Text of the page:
Honey is sweet, but the bee stings

In addition to legal conflicts, there are difficulties regarding the main actors' possible motivation. All parliamentary factions and volunteers with political career prospects are against the elections. In mid-September, 100 leading non-governmental organizations issued a statement regarding the impossibility of holding elections in Ukraine during the active phase of the war due to the threat of destabilization of the state.

Not everything is clear, even from the position of the current president. Despite promising to be president only once in 2019, Volodymyr Zelensky actually announced his intention to run for a second term in an interview with the Portuguese media outlet RTP on August 30. In an October interview with the Romanian media, he developed his opinion, making his participation dependent on the war's end. Given the powerful influence on parliament and the government and the objective constraints of wartime, winning such an election does not appear to be a difficult task. Therefore, it is quite possible to extend the term for the next five years relatively cheaply. The downside of such a scenario is the high probability that Zelensky will be accused of building a dictatorship.

On the other hand, high public trust does not guarantee victory. Another risk factor is the anti-rating of the ruling party, Servant of the People. Scandals with the party's members discredit the president himself. The heads of regional, district, and city military administrations appointed by him work in their positions as long as Zelensky heads the state. In pre-election race conditions, they will simultaneously become executors of the administrative resource and collectors of negativity, which will be concentrated on the head of state.

At first glance, President Zelensky is not risking anything if he does not rush the elections and fulfills his duties until the war's end. However, a high-profile interview with Time magazine complicated the situation. It did not affect the current rating, but the heading "Nobody Believes in Our Victory Like I Do" hid suspicions of disconnection from reality and poor communication. The time until March next year will not be an easy walk regardless of the decision on the election.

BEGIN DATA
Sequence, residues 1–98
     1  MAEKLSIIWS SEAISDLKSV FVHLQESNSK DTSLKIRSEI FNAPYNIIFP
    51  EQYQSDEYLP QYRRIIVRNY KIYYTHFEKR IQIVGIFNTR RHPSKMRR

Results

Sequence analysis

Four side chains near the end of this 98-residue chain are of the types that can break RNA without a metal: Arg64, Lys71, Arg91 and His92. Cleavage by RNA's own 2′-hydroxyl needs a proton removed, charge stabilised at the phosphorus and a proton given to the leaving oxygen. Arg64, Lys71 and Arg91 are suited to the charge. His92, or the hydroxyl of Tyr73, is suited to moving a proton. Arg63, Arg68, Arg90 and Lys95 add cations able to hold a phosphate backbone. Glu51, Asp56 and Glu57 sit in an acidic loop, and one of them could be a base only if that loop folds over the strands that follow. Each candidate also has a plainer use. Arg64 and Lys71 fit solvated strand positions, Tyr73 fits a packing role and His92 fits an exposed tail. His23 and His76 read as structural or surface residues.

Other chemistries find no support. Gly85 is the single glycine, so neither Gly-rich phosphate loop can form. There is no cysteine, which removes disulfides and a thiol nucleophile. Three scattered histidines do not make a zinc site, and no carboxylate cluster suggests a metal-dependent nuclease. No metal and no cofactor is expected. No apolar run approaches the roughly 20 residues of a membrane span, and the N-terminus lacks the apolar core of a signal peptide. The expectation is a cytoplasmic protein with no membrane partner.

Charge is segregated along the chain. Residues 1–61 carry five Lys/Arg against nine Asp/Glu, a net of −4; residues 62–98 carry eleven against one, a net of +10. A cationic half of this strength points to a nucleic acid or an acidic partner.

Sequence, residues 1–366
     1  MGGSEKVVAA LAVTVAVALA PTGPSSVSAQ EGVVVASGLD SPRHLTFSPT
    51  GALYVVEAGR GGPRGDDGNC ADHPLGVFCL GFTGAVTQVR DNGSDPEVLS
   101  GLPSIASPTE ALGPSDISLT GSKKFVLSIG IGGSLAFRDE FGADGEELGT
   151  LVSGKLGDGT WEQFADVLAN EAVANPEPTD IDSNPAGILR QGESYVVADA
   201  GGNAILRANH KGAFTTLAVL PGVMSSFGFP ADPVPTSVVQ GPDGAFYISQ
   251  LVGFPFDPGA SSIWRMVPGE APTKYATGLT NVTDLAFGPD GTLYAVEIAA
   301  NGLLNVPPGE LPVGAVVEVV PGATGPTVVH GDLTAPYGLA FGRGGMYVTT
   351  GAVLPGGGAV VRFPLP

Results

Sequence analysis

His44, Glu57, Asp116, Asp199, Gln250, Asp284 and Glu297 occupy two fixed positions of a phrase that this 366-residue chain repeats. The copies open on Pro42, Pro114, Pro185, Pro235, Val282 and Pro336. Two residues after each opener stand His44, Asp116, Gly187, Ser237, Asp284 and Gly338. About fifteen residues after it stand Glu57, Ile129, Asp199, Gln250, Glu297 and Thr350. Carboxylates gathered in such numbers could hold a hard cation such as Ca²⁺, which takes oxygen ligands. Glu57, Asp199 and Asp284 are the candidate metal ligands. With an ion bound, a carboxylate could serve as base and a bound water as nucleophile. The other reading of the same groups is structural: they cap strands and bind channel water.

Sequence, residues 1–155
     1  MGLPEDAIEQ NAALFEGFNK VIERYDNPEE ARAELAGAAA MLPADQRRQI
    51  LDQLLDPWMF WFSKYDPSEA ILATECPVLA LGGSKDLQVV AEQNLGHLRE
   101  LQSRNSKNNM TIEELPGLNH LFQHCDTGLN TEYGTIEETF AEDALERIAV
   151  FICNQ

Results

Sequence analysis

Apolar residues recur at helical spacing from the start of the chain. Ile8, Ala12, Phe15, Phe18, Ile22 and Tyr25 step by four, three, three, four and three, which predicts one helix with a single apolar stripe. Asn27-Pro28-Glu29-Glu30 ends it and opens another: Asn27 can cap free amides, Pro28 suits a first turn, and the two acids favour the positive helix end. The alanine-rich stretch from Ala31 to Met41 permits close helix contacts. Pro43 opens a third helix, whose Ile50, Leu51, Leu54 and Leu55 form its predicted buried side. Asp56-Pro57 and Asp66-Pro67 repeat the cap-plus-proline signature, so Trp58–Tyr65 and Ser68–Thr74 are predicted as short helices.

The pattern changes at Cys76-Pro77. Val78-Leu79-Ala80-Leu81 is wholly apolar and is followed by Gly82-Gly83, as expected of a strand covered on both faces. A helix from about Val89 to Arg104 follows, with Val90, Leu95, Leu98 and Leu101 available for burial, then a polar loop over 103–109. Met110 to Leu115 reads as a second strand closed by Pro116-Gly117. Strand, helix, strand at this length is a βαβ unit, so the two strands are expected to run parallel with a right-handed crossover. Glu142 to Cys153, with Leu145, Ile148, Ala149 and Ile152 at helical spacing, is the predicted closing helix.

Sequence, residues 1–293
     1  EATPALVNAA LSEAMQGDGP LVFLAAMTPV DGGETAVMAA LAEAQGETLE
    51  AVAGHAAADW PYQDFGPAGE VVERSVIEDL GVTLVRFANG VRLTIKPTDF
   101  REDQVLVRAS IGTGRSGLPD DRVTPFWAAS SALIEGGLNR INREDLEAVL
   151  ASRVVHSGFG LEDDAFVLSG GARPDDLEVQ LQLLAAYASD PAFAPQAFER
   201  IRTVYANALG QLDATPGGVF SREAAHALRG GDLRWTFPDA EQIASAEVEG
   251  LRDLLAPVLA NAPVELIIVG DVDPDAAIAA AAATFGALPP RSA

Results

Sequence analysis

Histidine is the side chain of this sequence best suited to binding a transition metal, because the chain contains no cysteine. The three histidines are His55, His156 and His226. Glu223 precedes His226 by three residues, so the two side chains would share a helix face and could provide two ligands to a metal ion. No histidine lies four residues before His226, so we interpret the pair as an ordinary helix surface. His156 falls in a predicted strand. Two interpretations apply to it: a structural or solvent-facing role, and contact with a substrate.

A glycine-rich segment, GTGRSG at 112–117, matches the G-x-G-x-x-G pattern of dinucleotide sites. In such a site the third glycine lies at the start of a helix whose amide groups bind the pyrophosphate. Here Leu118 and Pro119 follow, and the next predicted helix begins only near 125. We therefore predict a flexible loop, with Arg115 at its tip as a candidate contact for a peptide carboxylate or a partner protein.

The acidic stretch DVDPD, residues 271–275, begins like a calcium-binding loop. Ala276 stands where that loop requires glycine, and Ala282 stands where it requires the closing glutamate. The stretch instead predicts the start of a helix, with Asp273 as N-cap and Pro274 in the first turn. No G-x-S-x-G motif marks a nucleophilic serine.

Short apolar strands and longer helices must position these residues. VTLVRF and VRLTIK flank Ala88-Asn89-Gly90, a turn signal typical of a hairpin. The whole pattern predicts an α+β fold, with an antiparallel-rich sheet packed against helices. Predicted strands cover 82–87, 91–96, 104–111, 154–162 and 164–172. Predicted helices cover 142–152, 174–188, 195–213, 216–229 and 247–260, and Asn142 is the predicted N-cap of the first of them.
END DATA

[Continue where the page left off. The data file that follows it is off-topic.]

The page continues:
The influence of international partners in the matter of elections mentioned at the beginning is frankly exaggerated. The West is aware of the situation inside the country and on the front line. Instead, the idea of Ukraine's possible fulfillment of this Western demand is used by Russia to promote an anti-Ukrainian and anti-Western narrative. In this direction, the Kremlin continues to abuse allegations about Ukraine's lack of independence and its stay under foreign rule, and it also hopes for the withdrawal of Western support and a more compliant Ukrainian government.

Russia will focus on the hybrid option:

  1.  if there are no elections — it will appeal to the fact that Zelensky is illegitimate due to the end of his official term — there will be those who will like it;
  2.  if the elections are held, and the configuration of the Ukrainian government does not fundamentally change, then Russia will call not to recognize their results due to the objective impossibility of complying with all democratic standards.

In both cases, it will advance the narrative of the usurpation of power and the transformation of Ukraine into a dictatorship. Well, the Kremlin will call the West guilty of this, once again accusing it of double standards.

We watched the elections in Poland and were appalled at the extent of the mud the opponents threw at each other. They seem to have forgotten that no elections in Ukraine were crystal clear from the point of view of fair play. The very possibility of the maximum aggravation of political competition within the country will find a grateful response from the aggressor.

Updating the political environment is always a good step, but it can be done without plunging the country into an election storm. For example, it is possible to form a coalition government from representatives of parliamentary factions or an entire government of national unity, expanding it to include representatives of civil society. If you are going to experiment during the war, you should do it with the possibility of its immediate termination and not all-in.

Здійснено за підтримки Асоціації